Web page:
Trevor Sinclair on racism, bereavement and cup final defeat

Trevor Sinclair’s career is full of highlights – becoming Blackpool’s youngest ever player when making his debut aged 16, playing for England at a World Cup, scoring the first goal at what’s now known as the Etihad – but like all footballers, there were obstacles along the way.

The BBC pundit recently broke down a few of the difficulties he faced as a professional footballer and how he overcame them.

Racism

Embarking on a career in football during the 1980s was difficult for a young black player from Manchester.

“There was a lot of racism not just in football but in society – so there were a lot of trials and tribulations there as a young person,” he said.

“I always used that as a tool to give me a bit more fuel for my fire, to push me on a bit further. “

Joining a club in the lower divisions

Sinclair enjoyed his time at the Bobby Robson School of Football, where he’d won a scholarship aged 14, but upon leaving at 16 the future England player chose a different route to many of the other students he’d been boarding with.

“Most of the lads I used to board with went to Manchester United, Arsenal, Tottenham, Liverpool – top teams around the country.

“I don’t think it was frowned upon but I think a lot of people were quite surprised I’d chosen to go to quite a low club.”

It turned out to be a good decision, with Sinclair making his Blackpool first team debut in the first game of the season that he joined, becoming the club’s youngest ever player at the time and going on to make 112 league appearances. He’s since been inducted into the club’s hall of fame.

A particularly tough defeat

Sinclair’s best performances arguably came in a West Ham shirt, under Harry Redknapp, in a team that included the likes of Rio Ferdinand, Frank Lampard and Paolo Di Canio.

But that team was on the receiving end of a demoralising defeat at the hands of Tranmere Rovers in the FA Cup.

“It was one of them times when you had to pull your sleeves up and look in the mirror. I found a lot of strength in the fact I could bounce back from such a difficult result and performance,” he said.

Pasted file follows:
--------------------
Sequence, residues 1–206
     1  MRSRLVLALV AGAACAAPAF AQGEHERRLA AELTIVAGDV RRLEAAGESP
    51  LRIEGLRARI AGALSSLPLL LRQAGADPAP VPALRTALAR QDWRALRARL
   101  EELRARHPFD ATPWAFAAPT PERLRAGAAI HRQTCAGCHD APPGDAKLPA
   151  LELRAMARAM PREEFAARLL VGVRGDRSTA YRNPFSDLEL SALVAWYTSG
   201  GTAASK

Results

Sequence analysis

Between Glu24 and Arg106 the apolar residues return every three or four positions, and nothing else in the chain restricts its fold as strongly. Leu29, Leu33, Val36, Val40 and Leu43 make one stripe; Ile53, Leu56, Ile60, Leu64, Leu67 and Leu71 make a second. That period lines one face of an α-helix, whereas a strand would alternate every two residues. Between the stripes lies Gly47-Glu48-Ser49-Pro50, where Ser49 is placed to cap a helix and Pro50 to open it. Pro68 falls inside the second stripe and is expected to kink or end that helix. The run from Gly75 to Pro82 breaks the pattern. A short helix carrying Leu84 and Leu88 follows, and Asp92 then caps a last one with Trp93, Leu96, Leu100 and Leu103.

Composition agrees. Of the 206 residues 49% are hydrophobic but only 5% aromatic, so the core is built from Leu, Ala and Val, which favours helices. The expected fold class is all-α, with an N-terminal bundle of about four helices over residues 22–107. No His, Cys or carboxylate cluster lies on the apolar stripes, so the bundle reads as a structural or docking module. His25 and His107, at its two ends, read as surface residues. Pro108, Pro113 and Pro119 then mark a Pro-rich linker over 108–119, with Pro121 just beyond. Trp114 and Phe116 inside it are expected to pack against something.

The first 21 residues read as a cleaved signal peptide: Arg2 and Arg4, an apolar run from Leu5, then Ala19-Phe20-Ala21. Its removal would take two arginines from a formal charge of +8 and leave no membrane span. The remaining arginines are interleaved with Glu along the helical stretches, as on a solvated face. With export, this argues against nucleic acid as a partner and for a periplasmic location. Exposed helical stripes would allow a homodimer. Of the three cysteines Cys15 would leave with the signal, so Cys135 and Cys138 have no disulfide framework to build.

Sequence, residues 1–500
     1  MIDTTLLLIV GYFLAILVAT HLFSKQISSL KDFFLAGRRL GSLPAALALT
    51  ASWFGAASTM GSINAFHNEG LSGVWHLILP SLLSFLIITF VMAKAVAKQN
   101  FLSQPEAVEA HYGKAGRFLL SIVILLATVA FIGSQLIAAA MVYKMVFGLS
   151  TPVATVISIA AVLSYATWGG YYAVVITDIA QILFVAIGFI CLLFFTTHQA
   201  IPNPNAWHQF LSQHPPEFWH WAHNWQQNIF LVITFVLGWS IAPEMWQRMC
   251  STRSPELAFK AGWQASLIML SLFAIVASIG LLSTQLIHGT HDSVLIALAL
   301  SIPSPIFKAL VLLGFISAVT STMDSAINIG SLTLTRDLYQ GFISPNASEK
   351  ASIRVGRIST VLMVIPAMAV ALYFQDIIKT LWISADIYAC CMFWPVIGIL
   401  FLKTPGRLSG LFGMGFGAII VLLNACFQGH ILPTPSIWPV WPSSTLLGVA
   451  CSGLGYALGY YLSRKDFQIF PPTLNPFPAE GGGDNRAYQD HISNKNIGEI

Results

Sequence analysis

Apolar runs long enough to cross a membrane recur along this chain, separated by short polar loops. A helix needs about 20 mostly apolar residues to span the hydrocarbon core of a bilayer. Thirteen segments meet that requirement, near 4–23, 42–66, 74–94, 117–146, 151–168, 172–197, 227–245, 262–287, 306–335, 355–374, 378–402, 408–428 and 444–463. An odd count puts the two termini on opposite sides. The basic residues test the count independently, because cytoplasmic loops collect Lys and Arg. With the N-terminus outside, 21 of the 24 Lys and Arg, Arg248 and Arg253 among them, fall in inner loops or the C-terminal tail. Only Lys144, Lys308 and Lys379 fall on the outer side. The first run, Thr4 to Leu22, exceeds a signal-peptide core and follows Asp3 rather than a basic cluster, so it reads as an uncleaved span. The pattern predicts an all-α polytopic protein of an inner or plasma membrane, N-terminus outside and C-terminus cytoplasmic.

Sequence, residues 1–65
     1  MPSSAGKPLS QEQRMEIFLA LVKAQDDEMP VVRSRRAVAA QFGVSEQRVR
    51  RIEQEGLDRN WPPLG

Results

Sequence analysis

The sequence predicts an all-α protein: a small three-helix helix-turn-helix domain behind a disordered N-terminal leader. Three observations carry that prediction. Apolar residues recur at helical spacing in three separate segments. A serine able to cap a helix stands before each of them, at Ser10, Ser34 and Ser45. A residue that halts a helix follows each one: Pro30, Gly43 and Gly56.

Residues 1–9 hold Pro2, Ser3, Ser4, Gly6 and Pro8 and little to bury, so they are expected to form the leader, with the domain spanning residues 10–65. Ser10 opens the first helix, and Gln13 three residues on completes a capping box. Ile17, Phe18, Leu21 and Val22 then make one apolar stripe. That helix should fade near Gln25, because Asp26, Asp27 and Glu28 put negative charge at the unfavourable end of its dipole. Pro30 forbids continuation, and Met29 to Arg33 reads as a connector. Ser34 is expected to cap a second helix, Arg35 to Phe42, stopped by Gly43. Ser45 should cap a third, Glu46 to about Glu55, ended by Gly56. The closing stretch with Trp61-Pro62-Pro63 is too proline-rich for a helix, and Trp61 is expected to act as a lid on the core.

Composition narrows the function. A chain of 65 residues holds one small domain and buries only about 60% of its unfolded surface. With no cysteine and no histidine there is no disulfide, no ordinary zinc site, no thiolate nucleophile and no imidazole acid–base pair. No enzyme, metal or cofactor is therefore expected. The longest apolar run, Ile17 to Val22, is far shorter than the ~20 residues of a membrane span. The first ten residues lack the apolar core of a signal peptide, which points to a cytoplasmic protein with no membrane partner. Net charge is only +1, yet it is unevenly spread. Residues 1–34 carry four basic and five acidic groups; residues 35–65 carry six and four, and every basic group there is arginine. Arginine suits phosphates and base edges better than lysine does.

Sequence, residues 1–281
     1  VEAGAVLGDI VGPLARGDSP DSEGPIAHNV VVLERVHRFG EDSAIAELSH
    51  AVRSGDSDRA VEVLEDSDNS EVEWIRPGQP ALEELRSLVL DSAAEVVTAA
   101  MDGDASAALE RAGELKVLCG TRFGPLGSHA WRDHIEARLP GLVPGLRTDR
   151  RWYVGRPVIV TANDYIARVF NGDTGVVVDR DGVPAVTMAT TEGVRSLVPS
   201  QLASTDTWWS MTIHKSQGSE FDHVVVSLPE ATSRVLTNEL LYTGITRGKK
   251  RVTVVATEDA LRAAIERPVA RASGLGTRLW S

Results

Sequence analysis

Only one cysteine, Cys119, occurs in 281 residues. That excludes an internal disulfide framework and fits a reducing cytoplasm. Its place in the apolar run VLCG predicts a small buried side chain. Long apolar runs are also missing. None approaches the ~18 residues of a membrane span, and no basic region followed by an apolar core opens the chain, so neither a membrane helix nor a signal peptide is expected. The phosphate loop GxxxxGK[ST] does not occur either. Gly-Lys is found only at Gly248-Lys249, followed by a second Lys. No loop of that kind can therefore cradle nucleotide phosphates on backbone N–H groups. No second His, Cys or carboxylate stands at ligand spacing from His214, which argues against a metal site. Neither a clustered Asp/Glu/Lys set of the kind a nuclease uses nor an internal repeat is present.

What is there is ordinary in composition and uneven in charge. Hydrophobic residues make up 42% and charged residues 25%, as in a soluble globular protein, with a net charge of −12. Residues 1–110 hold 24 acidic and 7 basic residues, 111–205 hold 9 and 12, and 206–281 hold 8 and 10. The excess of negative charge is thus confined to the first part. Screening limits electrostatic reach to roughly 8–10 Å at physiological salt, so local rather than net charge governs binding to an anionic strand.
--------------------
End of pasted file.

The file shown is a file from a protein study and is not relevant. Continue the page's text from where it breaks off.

Bereavement

Alongside injuries, defeat and falling out of favour, footballers have to deal with everyday life in the same way as the rest of us, only while having to try and perform to the best of their ability in front of thousands of people each week.

“The biggest low was when my mother died,” Sinclair said. “I’ve probably not had the best things to say about Stuart Pearce as a manager or a team-mate, personally, but he had a lot of compassion at that time and gave me all the time I needed to get over one of the lowest points you can have in your life, let alone in football.

“I rolled my sleeves up and at the end of that season, I left City and went to Cardiff.”

Losing a cup final

Sinclair played in some great teams but ended his career without a medal – the closest he came was right at the end of his career, when playing for Cardiff.

It was the pundit’s second time playing at the new Wembley, following the semi-final, and fulfilled a dream to play at the stadium after winning England caps at a time when the ground was being refurbished.

But despite the talent of the team – Jimmy Floyd Hasslebaink led the line while a young Aaron Ramsey made an appearance – they went down 1-0 to a Nwankwo Kanu goal for Portsmouth.

“It was ups and downs but mainly I look back at the game with a huge smile on my face,” he said. Definitely bittersweet.

Trevor Sinclair is part of the BBC’s FA Cup 2016/17 presentation team. Watch Macclesfield Town V Oxford United in the FA Cup 2nd round live on BBC Two at 19:55 on Friday 2nd December.

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